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Old October 29, 2011, 07:48 AM   #88
RaySendero
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oneounceload wrote:Location: N. Central Florida
Regarding a wrongful termination suit.
This of course would cost your employer enough that maybe the lesson would be learned.

Wouldn't cost me a cent - and if that is your attitude towards other's rights, I would not have you as an employee

I would hope that your employees would show you the same respect for your property that your showing for their's!
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Old October 29, 2011, 08:47 AM   #89
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If I worked for an employer who cared about such things, I'd probably carry an LCP in deep concealment where there was no chance of it accidentally being exposed. Then I'd put an Obama sticker on my car, and whenever coworkers bring up the subject of firearms in casual conversation I would bring up the subject of all the children needlessly killed by those evil guns.
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Old October 29, 2011, 09:22 AM   #90
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I fired a guy who carried at work. It was a large big box retail store. A customer reported it to me. If you dont like the rules go work some where else. I carry but not at work. In that type of setting seeing armed staff makes people very nervous or upset to say the least. It was in a nice area of town and never had any problems. If you dont like the rules they have then dont work there. I would NEVER ask to search a car. I dont car what they have in their car. Nor would just about any other workplace uless you work at a nuke plant or the pentagon or any other super high security place. Who here has had their car searched at work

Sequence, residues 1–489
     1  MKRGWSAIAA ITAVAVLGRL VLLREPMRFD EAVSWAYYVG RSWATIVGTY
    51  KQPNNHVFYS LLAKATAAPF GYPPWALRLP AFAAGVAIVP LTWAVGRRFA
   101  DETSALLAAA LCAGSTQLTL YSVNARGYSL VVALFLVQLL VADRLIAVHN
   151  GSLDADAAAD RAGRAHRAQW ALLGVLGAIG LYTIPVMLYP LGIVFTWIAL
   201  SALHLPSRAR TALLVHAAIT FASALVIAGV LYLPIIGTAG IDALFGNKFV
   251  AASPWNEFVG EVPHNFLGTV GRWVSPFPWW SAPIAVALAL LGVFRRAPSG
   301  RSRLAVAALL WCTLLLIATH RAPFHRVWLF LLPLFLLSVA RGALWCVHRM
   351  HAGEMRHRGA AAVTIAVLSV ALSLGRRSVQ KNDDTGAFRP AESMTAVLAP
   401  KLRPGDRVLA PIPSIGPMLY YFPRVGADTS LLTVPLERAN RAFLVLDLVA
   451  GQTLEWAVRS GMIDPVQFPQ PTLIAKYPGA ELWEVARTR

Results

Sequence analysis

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Old October 29, 2011, 09:32 AM   #91
WANT A LCR 22LR
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" One option is to park off the employer's property. The employer can counter by making it against official company policy to park off the property. Like my employer does. "

Does you employeer give any reasons as to why this rule exists? What if someone drops you off at work , take a bus or taxi, does the bus have to stay in the lot?
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Old October 29, 2011, 09:35 AM   #92
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I had a altercation with a customer at work that could have gone real bad,and my pistol was in my truck thirty feet away.That's when I decided to get a CHL. My employeer said they don't think firearms should be at the workplace. I replied...If the situation arises again and I am denied the right to carry my legally concealed firearm and I am killed.....I hope you like my wife...cause she'll be your new partner. I now carry a Ruger LCP in my hip pocket and spare clip in my front pocket.
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Old October 29, 2011, 09:45 AM   #93
WANT A LCR 22LR
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. . hit send too soon. .

I see two seperate carry / in car carry situations.

High risk of BG attack and low risk.

High risk would be somewhere that no or minimal screening of people occurs and there are no real laws that can put you in jail for carry. The no carry rules exist in a optimistic attempt to prevent robberies / attacks. I would rather see a rule that prohibits offensive use of weapons while allowing defensive use.

Low risk would be a fed building with metal detectors / mil base / high security facility where those that enter are screened and the chance of a being a victim of street crime is nonexistent. Violating a carry rule here can get you sent to jail.
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Old October 29, 2011, 10:00 AM   #94
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The obvious solution is to lobby for laws preventing such employer discretion. Those opposed can join the companies in opposing such for venial, monetary concerns.